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Critical acclaim for The Last Great Frenchman
"This is a splendid popular biography . . . recounted with verve and anecdotal warmth, along with fresh appraisals of de Gaulle's career as soldier, politician, and head of state." —Publishers Weekly.
"Highly readable. . . . It is to Williams' credit that he is able to get so close to such a prickly personality." —San Francisco Chronicle
"Charles Williams has matched a great subject by something near to a great book." —Daily Telegraph (London)
"Marvelous vignettes. . . . Williams tells his story with pace and skill." —Martin Gilbert
Posted September 4, 2008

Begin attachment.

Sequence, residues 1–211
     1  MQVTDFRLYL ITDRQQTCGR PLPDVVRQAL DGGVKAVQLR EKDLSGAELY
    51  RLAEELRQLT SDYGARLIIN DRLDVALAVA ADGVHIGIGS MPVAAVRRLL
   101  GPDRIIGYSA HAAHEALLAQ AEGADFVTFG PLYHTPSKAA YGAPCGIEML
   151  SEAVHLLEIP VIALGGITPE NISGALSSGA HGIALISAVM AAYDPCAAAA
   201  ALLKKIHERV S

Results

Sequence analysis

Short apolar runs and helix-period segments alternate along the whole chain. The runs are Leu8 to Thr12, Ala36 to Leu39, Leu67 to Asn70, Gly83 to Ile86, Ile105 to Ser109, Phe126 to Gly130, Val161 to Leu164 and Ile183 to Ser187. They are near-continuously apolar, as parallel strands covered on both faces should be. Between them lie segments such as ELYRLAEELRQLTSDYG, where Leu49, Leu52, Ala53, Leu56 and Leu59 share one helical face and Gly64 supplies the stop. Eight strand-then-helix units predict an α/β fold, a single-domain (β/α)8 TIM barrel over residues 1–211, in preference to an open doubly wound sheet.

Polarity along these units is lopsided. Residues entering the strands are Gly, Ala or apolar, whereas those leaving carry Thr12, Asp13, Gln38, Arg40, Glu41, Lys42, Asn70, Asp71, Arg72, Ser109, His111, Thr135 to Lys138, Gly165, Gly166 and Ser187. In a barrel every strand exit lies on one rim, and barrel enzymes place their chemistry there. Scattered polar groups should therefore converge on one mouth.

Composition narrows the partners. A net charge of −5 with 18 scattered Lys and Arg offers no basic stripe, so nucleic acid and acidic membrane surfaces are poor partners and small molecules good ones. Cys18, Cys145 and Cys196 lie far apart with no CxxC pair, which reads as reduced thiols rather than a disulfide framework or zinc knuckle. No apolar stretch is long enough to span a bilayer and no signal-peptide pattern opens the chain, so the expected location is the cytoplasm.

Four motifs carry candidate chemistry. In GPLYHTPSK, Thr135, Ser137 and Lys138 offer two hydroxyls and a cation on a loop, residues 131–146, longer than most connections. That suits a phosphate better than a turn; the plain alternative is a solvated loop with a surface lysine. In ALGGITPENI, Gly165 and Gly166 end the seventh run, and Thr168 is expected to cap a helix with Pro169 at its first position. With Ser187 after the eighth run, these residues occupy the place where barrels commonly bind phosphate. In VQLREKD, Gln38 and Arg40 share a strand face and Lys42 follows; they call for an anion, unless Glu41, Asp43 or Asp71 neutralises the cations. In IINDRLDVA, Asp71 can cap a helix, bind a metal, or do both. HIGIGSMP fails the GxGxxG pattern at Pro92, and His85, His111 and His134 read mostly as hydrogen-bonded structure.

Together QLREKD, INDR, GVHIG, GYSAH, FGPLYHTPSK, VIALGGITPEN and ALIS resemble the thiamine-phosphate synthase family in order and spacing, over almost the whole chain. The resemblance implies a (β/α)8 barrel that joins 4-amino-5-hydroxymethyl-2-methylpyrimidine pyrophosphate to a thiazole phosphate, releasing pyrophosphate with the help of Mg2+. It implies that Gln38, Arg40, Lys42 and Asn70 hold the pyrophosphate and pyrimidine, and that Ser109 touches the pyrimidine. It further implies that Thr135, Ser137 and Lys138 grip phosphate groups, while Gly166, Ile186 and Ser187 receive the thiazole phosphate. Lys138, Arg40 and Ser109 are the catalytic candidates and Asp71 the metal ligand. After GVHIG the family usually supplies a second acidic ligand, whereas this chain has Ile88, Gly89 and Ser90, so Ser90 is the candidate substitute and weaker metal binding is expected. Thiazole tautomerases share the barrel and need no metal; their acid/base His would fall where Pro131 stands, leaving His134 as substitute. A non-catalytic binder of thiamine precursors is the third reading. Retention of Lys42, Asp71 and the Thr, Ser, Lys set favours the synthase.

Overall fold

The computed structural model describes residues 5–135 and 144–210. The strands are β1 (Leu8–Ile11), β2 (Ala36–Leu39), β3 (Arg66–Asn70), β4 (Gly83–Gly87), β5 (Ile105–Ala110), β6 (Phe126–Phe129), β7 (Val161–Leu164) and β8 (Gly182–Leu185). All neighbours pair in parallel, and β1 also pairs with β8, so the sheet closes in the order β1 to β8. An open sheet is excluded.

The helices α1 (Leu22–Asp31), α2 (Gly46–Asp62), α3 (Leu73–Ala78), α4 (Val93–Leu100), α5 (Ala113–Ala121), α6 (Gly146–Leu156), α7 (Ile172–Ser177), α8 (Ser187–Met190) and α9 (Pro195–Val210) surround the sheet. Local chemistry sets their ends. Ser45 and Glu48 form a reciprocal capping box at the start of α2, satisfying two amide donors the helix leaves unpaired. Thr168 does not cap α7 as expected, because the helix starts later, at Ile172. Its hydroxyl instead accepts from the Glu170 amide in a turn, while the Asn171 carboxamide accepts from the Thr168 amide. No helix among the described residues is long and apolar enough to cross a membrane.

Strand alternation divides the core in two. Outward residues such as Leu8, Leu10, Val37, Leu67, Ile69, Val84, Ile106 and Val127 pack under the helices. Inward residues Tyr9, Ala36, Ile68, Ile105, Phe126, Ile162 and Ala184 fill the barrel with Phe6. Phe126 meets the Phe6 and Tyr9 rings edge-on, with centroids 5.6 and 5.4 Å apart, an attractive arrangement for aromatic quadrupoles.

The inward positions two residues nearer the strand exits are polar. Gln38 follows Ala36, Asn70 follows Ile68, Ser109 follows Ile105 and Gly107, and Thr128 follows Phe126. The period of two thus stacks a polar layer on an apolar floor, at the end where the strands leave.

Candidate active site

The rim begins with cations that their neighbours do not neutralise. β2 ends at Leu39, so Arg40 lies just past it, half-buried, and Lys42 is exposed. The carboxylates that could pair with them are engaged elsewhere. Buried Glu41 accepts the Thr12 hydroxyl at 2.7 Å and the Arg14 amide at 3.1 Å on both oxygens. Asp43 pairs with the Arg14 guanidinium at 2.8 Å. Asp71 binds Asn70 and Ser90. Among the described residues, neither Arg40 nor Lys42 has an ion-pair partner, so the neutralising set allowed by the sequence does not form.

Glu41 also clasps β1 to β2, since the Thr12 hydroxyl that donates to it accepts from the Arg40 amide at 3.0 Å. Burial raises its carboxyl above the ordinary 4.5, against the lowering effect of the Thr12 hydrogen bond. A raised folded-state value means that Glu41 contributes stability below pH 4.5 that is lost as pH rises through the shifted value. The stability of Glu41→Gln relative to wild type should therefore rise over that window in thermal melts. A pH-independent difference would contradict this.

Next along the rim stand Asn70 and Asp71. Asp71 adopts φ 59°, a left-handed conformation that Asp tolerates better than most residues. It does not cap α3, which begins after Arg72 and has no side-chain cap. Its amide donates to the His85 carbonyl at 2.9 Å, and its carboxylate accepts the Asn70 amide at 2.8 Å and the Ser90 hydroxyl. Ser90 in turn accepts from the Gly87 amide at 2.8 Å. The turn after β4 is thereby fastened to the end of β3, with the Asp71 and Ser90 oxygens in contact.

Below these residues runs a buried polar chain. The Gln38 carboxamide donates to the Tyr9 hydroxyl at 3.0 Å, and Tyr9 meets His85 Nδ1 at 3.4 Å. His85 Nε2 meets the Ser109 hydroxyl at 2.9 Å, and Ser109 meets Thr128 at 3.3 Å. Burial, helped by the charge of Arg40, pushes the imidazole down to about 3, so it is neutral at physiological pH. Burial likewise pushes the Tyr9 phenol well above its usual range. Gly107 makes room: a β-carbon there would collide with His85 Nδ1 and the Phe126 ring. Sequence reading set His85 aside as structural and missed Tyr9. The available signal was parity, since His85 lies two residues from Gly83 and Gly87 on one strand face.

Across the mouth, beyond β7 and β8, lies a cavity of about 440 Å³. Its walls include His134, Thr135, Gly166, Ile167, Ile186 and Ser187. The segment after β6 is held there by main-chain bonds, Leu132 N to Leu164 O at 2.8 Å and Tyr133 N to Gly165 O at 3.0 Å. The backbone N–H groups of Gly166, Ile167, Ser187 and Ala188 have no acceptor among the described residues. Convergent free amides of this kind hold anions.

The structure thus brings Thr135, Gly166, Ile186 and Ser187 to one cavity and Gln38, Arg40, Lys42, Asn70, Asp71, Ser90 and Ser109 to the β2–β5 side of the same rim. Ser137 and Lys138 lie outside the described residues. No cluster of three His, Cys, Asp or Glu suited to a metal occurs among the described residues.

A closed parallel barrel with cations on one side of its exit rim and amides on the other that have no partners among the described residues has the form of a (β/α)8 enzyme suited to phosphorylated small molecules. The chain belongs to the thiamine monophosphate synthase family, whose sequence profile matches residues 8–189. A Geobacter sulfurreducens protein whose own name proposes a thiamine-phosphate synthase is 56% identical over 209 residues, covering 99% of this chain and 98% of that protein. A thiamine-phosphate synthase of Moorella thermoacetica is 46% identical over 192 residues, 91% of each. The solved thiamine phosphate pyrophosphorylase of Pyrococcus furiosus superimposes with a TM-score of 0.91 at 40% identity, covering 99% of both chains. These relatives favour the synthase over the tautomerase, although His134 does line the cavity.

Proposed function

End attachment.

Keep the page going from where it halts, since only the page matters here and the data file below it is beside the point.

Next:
I actually read this book when it was first published and noticed the other day that it is missing - so I am thinking of buying another copy as I want to read it again prior to a trip to France. DeGaulle was a young officer in the WWI and survived in large part because he was captured, no killed, at Verdun. His large family was also so blessed, they were the rare exception, they lost no sons in that war. After the war he continued his military career and observed the Polish / Russian war in 1920 - a war of movement. So he was one of the few, if only, French army officers who understood blitzkrieg when the Germans attacked in 1940. He lead is armored unit is a lightning counter attack that penetrated deeply into German held northern France - but it was totally unsupported to he eventually made it to England. His break with Vichy is well documented - few heard his first radio message as the leader of the Free French - but his message of 'ecout, ecout' never the less eventually resounded. He was also an insufferable egotist - but also a loving father who always found at least 1 hour of every day to play with his Downs Syndrome daughter. And after the war, he and Adenaur made a historic raprochmont between Germany and France that was the basis of the EU.Was this review helpful? Yes NoThank you for your feedback. Report this reviewThank you, this review has been flagged.